401a Retirement plans, or money-purchase plans, are retirement savings plans in which you - the employee - can’t choose or change the amount contributed to the plan.
The days that employees would commit their entire working lives to a single employer in order to gain a pension from that employer are long gone.
But the voluntary nature of defined contribution plans that replaced the old defined benefit plans had the result that, in many cases, you will have less money in your defined contribution account at retirement than you require for retirement.
The money-purchase retirement savings plan is set up by your employer. Typically to retain the services of certain categories of employees. Your employer can set up a different plan for different categories of employees.
401a Retirement plans are mostly plans with only the employer contributing to the plan. Your employer's contribution is effectively free money. You are not taxed on the contribution and the income of the retirement savings plan is tax deferred. This means that you'll only pay income tax when you start withdrawing from the retirement savings plan.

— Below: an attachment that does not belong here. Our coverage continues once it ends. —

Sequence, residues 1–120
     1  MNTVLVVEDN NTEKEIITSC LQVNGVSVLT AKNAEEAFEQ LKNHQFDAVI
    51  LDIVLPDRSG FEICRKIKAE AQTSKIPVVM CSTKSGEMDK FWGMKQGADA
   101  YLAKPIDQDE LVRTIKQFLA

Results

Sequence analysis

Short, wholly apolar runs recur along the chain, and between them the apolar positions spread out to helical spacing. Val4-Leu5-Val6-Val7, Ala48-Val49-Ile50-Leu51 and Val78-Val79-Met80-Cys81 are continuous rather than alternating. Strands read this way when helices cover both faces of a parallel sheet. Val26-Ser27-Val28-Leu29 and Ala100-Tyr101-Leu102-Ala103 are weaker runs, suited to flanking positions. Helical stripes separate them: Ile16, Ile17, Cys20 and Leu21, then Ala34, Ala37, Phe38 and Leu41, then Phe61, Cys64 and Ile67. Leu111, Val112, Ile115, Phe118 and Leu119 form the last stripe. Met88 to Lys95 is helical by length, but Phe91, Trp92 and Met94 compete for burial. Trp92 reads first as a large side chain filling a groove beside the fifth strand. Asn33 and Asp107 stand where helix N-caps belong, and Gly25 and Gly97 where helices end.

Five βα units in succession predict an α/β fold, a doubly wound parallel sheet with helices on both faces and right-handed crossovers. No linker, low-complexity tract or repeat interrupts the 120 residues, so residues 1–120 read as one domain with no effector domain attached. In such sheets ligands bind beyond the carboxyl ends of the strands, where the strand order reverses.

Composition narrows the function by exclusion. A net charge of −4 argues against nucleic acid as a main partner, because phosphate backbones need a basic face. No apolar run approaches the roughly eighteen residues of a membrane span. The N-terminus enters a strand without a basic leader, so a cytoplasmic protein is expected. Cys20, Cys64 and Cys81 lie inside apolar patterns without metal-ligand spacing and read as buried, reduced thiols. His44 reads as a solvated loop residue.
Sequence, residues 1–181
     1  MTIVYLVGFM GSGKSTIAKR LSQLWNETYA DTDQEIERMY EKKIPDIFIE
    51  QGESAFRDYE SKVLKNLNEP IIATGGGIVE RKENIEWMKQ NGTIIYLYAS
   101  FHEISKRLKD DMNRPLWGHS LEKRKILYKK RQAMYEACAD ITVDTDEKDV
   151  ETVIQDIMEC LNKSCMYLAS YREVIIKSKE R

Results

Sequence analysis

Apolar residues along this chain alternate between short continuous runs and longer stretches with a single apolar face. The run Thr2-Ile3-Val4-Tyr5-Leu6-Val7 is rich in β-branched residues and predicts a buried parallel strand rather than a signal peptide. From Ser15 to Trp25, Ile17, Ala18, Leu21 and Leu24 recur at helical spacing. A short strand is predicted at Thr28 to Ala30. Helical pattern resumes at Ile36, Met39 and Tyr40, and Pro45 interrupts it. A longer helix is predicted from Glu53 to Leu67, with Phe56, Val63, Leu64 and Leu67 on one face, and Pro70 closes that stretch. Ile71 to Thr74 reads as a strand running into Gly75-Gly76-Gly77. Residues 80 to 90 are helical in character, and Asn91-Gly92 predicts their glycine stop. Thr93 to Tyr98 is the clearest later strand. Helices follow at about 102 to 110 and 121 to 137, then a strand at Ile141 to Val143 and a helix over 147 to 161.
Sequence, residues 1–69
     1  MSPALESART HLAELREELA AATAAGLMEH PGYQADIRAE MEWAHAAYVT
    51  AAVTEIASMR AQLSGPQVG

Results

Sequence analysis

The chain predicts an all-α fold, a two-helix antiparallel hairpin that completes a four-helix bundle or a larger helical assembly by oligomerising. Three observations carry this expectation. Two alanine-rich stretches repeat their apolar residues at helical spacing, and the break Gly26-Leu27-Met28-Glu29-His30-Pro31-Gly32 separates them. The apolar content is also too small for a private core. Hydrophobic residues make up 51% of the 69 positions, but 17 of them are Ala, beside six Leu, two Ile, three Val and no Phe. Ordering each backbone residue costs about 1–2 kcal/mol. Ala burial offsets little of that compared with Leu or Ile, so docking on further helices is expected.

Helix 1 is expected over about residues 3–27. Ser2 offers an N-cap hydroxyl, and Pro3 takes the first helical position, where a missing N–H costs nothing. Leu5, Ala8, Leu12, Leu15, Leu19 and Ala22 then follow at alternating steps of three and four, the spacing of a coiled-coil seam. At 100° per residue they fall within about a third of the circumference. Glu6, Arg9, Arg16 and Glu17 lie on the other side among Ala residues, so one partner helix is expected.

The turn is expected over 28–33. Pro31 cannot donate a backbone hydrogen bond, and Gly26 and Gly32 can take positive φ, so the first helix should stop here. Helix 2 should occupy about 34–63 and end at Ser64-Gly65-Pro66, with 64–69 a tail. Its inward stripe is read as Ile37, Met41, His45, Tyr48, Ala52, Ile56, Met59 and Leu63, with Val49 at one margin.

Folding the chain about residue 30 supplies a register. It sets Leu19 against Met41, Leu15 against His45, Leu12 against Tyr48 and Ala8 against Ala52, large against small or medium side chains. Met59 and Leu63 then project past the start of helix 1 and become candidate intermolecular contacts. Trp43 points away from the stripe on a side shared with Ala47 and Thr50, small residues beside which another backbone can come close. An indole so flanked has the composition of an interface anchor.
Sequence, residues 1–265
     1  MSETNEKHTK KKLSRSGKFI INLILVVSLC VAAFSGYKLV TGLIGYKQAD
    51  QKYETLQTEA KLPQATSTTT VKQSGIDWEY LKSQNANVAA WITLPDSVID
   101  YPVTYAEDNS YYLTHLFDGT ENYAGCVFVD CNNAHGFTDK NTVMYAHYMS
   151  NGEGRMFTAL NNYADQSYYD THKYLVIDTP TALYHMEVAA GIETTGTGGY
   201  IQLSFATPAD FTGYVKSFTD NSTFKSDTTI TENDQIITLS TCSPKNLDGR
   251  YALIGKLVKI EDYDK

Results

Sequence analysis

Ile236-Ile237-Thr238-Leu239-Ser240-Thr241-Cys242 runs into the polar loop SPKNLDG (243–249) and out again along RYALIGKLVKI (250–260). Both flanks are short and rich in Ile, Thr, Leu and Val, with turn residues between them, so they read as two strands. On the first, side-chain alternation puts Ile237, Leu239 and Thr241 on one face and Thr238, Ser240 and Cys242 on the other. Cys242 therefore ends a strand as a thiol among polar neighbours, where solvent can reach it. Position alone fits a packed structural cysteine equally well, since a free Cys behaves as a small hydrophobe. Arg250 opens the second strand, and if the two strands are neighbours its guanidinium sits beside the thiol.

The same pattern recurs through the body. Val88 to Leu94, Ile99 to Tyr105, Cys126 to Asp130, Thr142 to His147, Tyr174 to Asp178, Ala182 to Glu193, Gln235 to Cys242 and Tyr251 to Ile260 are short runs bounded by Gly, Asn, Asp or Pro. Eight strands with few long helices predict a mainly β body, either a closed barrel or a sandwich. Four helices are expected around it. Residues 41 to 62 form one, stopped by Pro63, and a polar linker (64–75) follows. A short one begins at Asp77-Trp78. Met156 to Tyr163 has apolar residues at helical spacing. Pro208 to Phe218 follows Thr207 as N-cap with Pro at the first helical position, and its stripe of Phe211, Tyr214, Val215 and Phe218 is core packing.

In some cases the plan is set up by your employer in such a way that you – the employee – also contribute to the money-purchase plan. The contribution is usually a percentage of your income and you can't choose or change this percentage.
When you change your job you can roll your money-purchase plan over into any other plan offered by your new employer. The withdrawal rules are the same as for other plans. See our discussion on 401k Early Retirement for more information regarding withdrawals.
You can participate in a 401a money-purchase plan even if you already have an Individual Retirement Arrangement (or IRA).
So should you participate when offered to join a 401a plan? Absolutely. You need to participate in as many retirement provision plans as you can and to the full limit of the favorable tax dispensation allowed.
You can't over provide for your retirement. To the contrary, most people make inadequate retirement provision. I was one of them! And to rectify that situation, later in life when you are approaching retirement, is much more of a challenge.
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